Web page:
Format

Send to

Choose Destination
See comment in PubMed Commons below
Nephrol Dial Transplant. 2004 Jun;19 Suppl 3:iii11-5.

The impact of donor age on the results of renal transplantation.

Author information

  • 1Unidad de Trasplante Renal, Hopital Clinic de Barcelona, Villarroel 170, 08036-Barcelona, Spain. oppen@clinic.ub.es

Abstract

BACKGROUND:

The use of elderly donors is becoming more frequent. An increase in the donor's age is associated with a greater incidence of delayed graft function (DGF), chronic allograft nephropathy (CAN) and worse graft survival. Poor renal graft function is a risk factor for cardiovascular (CV) complications and, finally, for mortality of the patients.

METHODS:

A total of 3365 adult patients transplanted in 1990 (n = 824), 1994 (n = 1075) and 1998 (n = 1466) with a functioning graft after the first year were included. The impact of donor age on renal function, DGF, acute rejection and other clinical factors was evaluated according to two donor and recipient age categories: young (< 60 years old) and elderly (> or =60 years old). Additionally, donor age was categorized by decades for the analysis of patient and graft survival, acute rejection and CV mortality.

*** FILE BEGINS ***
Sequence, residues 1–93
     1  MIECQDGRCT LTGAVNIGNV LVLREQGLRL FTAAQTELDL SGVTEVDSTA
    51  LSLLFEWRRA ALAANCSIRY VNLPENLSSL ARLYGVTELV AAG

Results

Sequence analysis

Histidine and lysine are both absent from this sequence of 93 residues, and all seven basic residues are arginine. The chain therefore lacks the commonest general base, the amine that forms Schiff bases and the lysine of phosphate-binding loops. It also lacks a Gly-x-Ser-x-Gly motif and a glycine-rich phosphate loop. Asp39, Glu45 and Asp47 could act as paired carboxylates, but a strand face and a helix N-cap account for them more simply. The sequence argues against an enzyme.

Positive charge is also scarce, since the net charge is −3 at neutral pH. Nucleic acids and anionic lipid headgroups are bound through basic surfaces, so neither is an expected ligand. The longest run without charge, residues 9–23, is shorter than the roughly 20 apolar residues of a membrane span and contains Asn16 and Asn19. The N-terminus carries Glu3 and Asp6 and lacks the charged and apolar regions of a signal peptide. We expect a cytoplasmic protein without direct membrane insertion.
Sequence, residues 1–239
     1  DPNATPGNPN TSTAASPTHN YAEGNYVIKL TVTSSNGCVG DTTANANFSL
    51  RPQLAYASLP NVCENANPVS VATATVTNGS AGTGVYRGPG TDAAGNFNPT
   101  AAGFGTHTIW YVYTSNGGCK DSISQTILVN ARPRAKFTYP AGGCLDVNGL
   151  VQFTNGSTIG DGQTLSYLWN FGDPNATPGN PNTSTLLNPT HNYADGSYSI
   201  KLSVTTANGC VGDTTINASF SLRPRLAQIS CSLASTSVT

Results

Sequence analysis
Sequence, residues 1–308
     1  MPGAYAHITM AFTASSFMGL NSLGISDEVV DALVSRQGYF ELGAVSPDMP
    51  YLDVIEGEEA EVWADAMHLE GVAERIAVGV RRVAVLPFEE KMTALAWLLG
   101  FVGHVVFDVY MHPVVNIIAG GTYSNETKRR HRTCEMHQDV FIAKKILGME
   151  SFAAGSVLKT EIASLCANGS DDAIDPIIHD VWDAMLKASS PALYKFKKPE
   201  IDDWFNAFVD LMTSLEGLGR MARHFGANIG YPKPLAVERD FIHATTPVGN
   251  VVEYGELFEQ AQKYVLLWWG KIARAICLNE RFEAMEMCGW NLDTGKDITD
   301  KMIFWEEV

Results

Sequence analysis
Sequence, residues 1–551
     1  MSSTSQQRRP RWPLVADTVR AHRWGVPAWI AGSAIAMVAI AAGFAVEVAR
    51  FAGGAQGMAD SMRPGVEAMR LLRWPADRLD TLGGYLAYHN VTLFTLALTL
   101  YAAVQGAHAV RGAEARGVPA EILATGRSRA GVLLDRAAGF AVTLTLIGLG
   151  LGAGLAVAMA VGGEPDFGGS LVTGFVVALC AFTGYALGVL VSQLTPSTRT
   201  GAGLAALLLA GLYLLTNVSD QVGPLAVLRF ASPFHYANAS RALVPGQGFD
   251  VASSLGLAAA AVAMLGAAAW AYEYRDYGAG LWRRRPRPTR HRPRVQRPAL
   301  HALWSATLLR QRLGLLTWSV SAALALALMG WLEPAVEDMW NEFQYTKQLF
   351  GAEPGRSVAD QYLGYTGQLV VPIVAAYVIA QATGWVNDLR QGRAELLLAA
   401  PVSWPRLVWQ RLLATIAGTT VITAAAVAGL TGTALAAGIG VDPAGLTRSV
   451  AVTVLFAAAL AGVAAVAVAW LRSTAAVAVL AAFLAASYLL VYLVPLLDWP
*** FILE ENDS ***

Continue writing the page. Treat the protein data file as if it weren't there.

RESULTS:

Donor mean age significantly increased during the three transplantation periods. A total of 478 out of 3365 donors were older than 60 years. Elderly donors showed an increased risk of DGF (38.9 vs 28.8%) and CAN (56.8 vs 46.2%). Mean serum creatinine at 3 and 12 months and proteinuria were significantly higher in the old donor group. Incidence and severity of acute rejection were similar in both groups. Graft and patient survival were significantly lower in the old donor group. Also, risk of mortality due to CV events was also significantly higher. A linear increase in risk of graft loss, patient death or CV mortality was observed when donor age was divided into 10 year increase subsets.

CONCLUSIONS:

Donor age is a strong predictor of CAN and graft loss. Patient survival is also affected by donor age, particularly by a higher risk of CV mortality.

[PubMed - indexed for MEDLINE]
Free full text
PubMed Commons home

PubMed Commons

0 comments
How to join PubMed Commons

    Supplemental Content

    Full text links

    Icon for HighWire
    Loading ...
    Write to the Help Desk